OPINION: As we prepare for the imminent launch of the Galaxy S23, new report hinted at the disappearance of the Samsung Plus line in 2024. If that happens, it speaks to a much broader problem in the smartphone world: size just doesn’t matter.
If this report (courtesy of Elect) stood on its own as an anomaly, then it would be easier to dismiss my opinion, but there’s definitely a growing trend that suggests that when it comes to buying a new smartphone, most people simply don’t care about screen size – not unless comes to other factors.
Another leak (via MacRumours) suggests that Apple is having similar problems with the recently released iPhone 14 Pluswhich offers a larger 6.7-inch display compared to the 6.1-inch screen on the standard iPhone 14.
Even if the iPhone 14 Plus wasn’t an instant commercial success, it’s still likely that we’ll see the iPhone 15 Plus, as Apple rarely abandons products after just one generation, but if the line ceases to exist after that, along with the recent demise of the iPhone Mini line, there will be talk about a lot.
I used iPhone 12 Mini and iPhone 13 mini for quite some time, judging how easy both phones were to use with one hand and as very portable stop-and-shoot cameras. I assumed that the range could enjoy the same popularity that the iPod Mini once enjoyed, but unfortunately I was in the minority as both phones suffered from poor sales.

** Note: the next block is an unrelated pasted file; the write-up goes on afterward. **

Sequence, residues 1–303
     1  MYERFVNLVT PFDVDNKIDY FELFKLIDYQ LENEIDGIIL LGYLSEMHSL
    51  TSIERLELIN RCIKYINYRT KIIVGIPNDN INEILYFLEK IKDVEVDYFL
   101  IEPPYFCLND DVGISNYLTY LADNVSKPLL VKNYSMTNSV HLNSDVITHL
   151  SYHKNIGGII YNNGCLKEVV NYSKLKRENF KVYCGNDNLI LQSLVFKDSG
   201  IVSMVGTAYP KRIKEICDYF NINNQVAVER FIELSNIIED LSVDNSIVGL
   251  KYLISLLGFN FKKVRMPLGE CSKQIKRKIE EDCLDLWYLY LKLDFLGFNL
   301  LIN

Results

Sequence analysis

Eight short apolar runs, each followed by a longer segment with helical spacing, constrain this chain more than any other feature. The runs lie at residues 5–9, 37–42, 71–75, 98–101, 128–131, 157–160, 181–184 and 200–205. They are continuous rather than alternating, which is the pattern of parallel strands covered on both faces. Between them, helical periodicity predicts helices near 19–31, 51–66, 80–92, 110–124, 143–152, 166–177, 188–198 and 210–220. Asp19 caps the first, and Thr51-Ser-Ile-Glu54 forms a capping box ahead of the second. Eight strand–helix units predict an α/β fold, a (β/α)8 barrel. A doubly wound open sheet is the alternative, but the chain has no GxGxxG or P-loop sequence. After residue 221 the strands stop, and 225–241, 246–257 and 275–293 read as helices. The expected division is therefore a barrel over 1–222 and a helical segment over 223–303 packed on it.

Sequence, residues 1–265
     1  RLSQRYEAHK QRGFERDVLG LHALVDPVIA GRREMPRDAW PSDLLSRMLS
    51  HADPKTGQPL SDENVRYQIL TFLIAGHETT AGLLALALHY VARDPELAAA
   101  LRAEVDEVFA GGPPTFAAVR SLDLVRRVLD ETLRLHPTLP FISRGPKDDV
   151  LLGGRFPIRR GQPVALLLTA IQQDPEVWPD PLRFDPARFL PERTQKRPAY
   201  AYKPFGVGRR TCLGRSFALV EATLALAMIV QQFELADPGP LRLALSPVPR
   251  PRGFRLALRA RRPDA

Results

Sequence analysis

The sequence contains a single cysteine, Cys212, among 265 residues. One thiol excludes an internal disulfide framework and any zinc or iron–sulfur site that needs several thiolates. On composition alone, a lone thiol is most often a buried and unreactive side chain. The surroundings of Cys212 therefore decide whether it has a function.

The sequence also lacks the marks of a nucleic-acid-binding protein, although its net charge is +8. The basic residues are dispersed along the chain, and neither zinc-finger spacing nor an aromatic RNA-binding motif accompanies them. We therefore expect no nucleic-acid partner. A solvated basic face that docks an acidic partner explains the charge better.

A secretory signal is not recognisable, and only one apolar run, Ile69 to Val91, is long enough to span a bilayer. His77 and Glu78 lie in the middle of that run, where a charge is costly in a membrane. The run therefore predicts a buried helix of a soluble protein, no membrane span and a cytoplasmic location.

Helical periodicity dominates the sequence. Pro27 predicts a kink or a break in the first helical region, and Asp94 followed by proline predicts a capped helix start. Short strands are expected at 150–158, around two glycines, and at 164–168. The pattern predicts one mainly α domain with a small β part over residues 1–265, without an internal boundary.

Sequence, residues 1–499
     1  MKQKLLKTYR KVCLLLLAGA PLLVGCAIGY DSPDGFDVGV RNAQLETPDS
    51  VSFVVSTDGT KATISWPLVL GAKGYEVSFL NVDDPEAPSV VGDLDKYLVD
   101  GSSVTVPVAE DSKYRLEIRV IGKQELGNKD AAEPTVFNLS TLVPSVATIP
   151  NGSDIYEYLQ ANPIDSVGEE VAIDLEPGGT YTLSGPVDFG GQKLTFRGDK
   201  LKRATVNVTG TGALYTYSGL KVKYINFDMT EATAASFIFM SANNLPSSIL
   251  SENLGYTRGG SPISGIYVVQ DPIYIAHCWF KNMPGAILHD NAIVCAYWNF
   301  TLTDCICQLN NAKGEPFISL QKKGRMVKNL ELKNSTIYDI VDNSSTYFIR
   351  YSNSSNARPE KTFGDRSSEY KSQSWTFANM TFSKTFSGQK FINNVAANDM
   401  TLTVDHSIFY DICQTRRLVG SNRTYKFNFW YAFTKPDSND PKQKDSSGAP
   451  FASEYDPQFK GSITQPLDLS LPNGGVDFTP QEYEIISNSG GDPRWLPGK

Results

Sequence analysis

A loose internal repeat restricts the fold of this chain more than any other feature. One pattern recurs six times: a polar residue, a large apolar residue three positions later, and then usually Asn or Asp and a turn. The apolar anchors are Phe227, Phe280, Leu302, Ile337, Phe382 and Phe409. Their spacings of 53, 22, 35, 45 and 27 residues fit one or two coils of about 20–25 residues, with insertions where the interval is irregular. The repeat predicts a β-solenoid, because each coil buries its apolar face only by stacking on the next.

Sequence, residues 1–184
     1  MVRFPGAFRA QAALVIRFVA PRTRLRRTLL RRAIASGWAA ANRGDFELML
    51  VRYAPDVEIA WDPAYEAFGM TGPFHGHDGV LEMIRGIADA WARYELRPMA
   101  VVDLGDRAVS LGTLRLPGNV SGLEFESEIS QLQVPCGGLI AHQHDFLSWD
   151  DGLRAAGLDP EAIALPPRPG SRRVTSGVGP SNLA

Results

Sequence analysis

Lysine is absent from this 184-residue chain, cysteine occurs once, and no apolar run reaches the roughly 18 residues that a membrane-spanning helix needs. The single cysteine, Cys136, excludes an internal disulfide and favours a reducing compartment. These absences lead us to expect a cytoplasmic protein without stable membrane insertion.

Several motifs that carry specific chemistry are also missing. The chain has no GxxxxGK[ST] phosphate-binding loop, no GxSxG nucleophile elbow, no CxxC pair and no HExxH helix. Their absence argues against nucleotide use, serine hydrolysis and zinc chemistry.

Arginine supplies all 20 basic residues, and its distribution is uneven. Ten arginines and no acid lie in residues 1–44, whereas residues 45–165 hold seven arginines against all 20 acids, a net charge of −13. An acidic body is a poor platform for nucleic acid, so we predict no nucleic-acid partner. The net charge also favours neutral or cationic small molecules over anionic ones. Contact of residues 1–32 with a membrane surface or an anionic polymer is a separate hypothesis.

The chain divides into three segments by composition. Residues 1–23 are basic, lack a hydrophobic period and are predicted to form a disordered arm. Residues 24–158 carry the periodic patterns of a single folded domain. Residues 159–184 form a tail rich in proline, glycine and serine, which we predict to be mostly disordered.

While iPhone Minis have been available for a lower price, the trade-off of a smaller display and reduced battery life isn’t worth it for most. The iPhone 14 Plus (and larger variants in general) seem to suffer from the opposite problem: a bigger price tag that struggles to justify the higher cost when it comes to the various features compared to the iPhone 14.
I also faced the same problem when updating to the iPhone 14, which I use as my current handset. As tempting as it is to watch content on a bigger screen and likely benefit from a larger battery, the iPhone 14’s lower asking price won out, especially at a time when we’re all trying to cut costs where we can.
I wouldn’t be too surprised if both Apple and Samsung decided to adopt Google’s launch strategy in the near future, opting for a standard “entry-level” phone and a pro version to go along with it. It’s definitely a lot easier to tell the difference between Pixel 7 and Pixel 7 Pro than to memorize all the differences between the iPhone 14 and iPhone 14 Pro Max.